This is a big problem that many people are still trying to figure out, because there is a lot of junk out in space, and it is incredibly dangerous.
As of September 2012, we are currently monitoring 21,000 individual pieces of stuff orbiting the planet which are larger than about 2 inches. Anything this size which is going fast enough to stay in orbit poses a significant threat to satellites, spacecraft, and space stations. The ISS will regularly maneuver out of the way of space junk if we see it coming soon enough. If there isn’t enough time to move the whole ISS, then the crew members of the ISS have to take shelter in one of the Soyuz capsules which are attached to the ISS in case an emergency evacuation is needed.
The two inch limit on tracking isn’t an indication that there aren’t any pieces smaller than that, or that we don’t have to worry about the little ones; we simply can’t spot them from the ground. We fully expect there to be around 100 million more objects out there in the < 0.5 inch category. Even paint chips at orbital speeds can cause significant damage to a spacecraft. A few of the space shuttle missions had paint flakes impact the windshield of the craft, which is an unsettling sight to say the least.
I can tell you the worst way to clean up a dead satellite, which unfortunately happened in 2007; the Chinese military decided to test their anti-satellite technology on one of their dead weather satellites. This test successfully exploded the dead satellite, and created over two thousand new pieces of space debris, which, at the time, increased our space junk tally by 25%. (We had another spike in the space debris population after a dead, but intact, Russian spacecraft managed to collide with a not-dead privately owned satellite – that produced another 2000+ large pieces of debris.)
There have been a few suggestions on how to get the stuff that’s already up there down; some options are more passive than others; the space station Mir ran an experiment in 1996 where they attached pieces of gel onto the outside of the space station to see what kinds of microscopic space junk they could catch. (As an entertaining side note, this was part of the Mir Environmental Effects Package, or MEEP. This is definitely funnier now than it was in 1996.) They found a lot of liquid droplets, soap, and tiny paint fragments, along with pieces of broken spacecraft, and tiny electronic fragments. This was instructive, but not particularly effective for cleaning out the reservoir of stuff surrounding our planet.
The best method to date to keep the skies clear is to make sure that when you put a spacecraft up in space, it comes with a way to come down again. Usually this means that the craft should have a way to intentionally slow itself down enough to re-enter the atmosphere, which will allow most of the small pieces to burn away in the atmosphere due to the heat of re-entry. Large pieces may make it down to the surface, which is why the ‘intentional’ part of slowing down is important. Generally we like to dump the large pieces in the Pacific Ocean, since there aren’t any dense population centers in the middle of the ocean. If a spacecraft falls back to earth after it is 100% dead and unable to be controlled, then there’s no way to modify where it winds up falling, and it might come down on your favorite city. The standard way to slow yourself down is with a rocket, but there have been proposals to do this with a solar sail type contraption; at the end of the craft’s life, it could unroll the sail, which would then help to slow down the craft so it could fall back to Earth more quickly.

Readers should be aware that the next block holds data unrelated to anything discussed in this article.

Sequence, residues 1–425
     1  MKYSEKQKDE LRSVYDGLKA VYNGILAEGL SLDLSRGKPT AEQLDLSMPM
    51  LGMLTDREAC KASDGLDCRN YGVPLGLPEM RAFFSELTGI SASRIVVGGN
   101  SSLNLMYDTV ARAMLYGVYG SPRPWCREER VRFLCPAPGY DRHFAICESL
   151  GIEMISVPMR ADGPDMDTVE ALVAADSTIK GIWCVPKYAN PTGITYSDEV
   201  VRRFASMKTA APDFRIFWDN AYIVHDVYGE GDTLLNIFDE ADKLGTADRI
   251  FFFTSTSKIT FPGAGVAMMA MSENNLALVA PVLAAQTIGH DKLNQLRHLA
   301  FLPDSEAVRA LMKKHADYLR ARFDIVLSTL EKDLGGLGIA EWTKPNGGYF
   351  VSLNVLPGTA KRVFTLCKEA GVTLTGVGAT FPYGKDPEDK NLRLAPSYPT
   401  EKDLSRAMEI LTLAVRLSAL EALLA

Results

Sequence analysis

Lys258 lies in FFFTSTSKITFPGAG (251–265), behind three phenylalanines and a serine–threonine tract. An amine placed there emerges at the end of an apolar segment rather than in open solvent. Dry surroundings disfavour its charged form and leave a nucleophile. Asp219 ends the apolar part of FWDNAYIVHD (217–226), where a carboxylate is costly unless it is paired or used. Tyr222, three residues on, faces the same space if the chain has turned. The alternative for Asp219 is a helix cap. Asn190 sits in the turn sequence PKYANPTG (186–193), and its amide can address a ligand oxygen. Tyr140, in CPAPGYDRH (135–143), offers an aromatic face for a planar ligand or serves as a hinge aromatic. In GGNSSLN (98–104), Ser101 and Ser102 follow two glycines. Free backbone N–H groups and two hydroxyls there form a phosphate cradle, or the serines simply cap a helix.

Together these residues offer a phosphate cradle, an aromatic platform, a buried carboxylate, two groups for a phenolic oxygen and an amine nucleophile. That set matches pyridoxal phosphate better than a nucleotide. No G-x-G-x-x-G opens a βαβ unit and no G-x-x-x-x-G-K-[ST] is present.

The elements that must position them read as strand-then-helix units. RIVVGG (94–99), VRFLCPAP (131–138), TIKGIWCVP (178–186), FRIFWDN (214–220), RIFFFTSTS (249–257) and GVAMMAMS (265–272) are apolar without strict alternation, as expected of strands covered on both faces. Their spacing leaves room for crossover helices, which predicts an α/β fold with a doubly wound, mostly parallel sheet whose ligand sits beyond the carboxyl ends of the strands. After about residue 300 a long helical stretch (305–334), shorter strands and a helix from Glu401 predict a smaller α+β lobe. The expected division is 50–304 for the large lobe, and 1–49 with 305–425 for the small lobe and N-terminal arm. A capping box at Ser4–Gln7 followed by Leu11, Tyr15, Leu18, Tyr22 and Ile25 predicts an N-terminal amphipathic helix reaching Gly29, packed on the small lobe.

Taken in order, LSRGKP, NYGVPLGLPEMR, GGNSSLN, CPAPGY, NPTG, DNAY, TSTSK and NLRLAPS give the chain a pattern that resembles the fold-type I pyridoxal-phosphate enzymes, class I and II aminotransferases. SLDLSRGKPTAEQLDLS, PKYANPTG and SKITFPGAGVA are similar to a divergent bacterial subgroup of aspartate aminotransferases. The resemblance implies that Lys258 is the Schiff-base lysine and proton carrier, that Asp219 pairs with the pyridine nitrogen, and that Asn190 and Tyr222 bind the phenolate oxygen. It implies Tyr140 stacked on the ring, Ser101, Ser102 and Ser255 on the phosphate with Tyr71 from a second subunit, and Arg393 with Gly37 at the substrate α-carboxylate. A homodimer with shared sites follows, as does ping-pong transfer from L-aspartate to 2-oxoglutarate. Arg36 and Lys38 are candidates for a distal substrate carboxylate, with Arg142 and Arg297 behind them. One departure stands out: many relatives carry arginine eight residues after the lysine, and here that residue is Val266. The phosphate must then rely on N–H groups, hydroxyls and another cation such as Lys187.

But those are only options for spacecraft which haven’t yet been launched, or have thought ahead more than most, and it doesn’t help get rid of the dead satellites we can’t communicate with, or any of the broken pieces of satellite shrapnel. For those, the only option is to send up some kind of clean-up satellite which can help slow down all the miscellaneous pieces. Again, there have been many proposals; the most plausible involve grabbing onto dead spacecraft somehow (perhaps with a net), and then de-orbiting as a pair (like e.Deorbit).
Unfortunately, we can’t just go up and push every dead satellite down to Earth; not only is this impractical in the extreme, all of the privately owned satellites are still privately owned regardless of whether or not they still work, and burning them up in the atmosphere would be burning someone else’s property, even if it doesn’t work anymore. For now, until some of these cleaner satellites can get up there and start pulling down some of the pieces, our main goal with space debris is simply to not produce any more than we already have.
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